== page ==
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Comment: Re:Three duh's from the article: (Score 1) 37

by MightyMartian (#47581715) Attached to: Multipath TCP Introduces Security Blind Spot

Christ, it was one of the first lessons I learned that one could not simply sniff incoming packets and assume there was any order to them. People have been writing UDP protocols for decades now that require reassembly of packets into proper order.

I get that multipath TCP means a lot more traffic will be sent in odd fashion, but really, if the recipient TCP stack can grab and reorder them, then that's what counts.

Comment: Re:Hmmm... (Score 1) 164

by fuzzyfuzzyfungus (#47575625) Attached to: Quiet Cooling With a Copper Foam Heatsink
Fabrication costs eat you alive if you try to approximate a fractal too closely; but that is essentially where the later generations of solid metal heatsinks were heading before heatpipes hit the scene.

In the cheapest and simplest incarnation is just a beefy heat spreader plate on the bottom to ensure that each fin gets a reasonable connection to the heat source. In fancier versions, the spreader also extends vertically to help transfer heat to the more distant parts of the fins.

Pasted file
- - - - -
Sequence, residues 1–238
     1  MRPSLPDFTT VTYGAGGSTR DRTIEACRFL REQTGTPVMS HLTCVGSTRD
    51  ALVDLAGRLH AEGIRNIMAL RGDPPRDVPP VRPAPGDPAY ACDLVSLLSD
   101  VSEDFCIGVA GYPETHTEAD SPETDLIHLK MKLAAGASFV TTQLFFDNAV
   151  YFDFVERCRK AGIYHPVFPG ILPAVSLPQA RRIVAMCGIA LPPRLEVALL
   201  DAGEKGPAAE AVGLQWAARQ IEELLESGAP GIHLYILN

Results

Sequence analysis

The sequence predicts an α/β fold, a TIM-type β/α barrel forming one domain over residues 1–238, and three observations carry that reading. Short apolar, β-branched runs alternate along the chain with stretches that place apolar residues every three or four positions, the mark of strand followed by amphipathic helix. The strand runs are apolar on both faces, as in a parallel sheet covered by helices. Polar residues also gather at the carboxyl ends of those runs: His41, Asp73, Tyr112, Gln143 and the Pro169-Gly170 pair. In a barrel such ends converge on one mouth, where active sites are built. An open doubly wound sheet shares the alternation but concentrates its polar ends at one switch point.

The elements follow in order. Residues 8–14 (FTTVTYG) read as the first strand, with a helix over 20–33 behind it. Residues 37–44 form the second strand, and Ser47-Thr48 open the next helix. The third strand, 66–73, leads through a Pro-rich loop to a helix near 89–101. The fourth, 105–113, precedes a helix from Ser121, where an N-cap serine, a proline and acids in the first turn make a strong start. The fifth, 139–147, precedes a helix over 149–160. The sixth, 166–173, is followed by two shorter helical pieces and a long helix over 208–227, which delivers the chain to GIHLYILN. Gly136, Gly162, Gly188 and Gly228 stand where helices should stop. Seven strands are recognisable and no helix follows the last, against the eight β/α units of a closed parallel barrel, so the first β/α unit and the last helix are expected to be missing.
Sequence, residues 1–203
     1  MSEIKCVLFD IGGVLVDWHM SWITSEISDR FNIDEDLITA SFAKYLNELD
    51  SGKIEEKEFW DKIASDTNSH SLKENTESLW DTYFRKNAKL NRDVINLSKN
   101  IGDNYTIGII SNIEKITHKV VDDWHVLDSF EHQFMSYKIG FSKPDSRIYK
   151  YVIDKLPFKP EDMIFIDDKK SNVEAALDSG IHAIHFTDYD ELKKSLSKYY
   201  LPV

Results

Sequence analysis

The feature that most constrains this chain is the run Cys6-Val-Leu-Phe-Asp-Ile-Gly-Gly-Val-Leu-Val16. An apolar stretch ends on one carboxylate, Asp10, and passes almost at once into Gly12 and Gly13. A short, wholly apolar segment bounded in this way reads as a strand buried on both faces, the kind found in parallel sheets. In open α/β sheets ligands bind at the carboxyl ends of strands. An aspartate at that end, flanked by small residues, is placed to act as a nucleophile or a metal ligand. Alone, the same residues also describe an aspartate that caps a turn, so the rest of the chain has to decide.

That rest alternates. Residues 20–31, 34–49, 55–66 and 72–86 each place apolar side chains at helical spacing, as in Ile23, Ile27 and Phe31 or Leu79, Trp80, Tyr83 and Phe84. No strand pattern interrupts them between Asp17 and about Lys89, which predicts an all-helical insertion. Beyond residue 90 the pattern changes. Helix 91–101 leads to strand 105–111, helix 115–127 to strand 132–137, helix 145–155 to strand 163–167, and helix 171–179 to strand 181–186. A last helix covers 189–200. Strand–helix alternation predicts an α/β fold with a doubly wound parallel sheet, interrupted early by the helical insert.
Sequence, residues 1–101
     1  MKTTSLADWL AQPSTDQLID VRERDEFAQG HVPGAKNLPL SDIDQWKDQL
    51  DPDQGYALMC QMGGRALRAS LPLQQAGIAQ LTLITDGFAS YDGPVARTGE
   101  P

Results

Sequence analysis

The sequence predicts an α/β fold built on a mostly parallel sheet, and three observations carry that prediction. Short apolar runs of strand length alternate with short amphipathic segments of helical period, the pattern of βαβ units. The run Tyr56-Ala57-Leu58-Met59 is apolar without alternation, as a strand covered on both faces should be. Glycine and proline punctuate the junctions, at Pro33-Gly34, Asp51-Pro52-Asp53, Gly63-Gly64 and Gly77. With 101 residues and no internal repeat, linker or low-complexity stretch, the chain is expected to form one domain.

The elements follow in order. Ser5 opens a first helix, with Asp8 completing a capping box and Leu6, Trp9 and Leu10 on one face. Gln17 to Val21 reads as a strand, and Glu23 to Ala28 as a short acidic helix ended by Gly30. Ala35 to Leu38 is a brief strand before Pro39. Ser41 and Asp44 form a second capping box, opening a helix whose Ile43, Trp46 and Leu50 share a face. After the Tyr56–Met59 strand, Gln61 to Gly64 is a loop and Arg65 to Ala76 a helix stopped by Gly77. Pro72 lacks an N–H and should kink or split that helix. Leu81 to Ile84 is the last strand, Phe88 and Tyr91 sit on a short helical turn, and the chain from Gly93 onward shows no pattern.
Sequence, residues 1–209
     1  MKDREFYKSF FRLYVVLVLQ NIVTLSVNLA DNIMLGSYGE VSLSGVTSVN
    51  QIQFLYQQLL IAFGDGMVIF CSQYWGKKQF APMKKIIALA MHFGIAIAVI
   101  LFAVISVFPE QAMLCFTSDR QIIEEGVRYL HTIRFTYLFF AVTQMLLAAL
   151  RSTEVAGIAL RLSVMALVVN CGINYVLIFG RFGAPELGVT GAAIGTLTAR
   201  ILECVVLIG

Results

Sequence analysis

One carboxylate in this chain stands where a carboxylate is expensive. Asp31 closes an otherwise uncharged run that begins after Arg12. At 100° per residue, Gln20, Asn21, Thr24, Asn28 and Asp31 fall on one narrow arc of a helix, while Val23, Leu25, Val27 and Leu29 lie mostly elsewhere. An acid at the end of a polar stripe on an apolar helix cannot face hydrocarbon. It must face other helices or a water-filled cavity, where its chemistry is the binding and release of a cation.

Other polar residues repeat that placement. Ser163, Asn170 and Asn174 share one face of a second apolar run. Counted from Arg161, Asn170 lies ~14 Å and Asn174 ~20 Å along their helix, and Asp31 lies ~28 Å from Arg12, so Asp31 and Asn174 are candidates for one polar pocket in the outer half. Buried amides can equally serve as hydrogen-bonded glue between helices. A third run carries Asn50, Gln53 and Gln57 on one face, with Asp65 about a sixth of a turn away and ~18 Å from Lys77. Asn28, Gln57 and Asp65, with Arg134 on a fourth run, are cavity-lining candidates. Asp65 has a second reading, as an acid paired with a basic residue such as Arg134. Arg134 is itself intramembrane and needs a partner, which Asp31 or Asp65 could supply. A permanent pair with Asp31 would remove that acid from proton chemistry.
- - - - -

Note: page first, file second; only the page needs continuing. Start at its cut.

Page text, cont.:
Recent AMD retail heatsinks use a clever design (cheap, because it's an aluminum extrusion with just a couple of cuts for the retention clip; but a combination of fins for surface area and bulkier conductive struts to feed the fins): image. The central slug is about the same size as the CPU heat spreader, and is solid throughout except for the slits for the retention clip. The longest fins are the ones directly attached to it. The four thicker struts on each corner support shorter fins(longer close to the base, shortest at the edges where there will be the least heat available for dissipation).

Heatpipes are superior enough to just about any solid material(with the possible exception of diamonds and carbon nanotubes; but those aren't really options) that most of the more expensive coolers have moved to 'heatpipes as close to the CPU as possible, loads of sheet metal fins with the heatpipes running through them' design; but you can definitely see the tradeoffs between surface area and conductive cross section in today's cheaper extrusion designs and the last generation or two of pre-heatpipe enthusiast gear.

Comment: Re:Er, that's a bit confusing (Score 1) 161

by fuzzyfuzzyfungus (#47570597) Attached to: The Problems With Drug Testing
Honestly, that's the bit that surprised me. If the payoff exceeded the potential legal exposure I don't doubt that you'd be able to find contractors willing to vivisect the homeless; but I am surprised that 'studies' on such a population(heavily weighted as it is with potentially confounding mental and physical morbidity, difficult to track over anything but the short term, etc.) would be treated as adequate.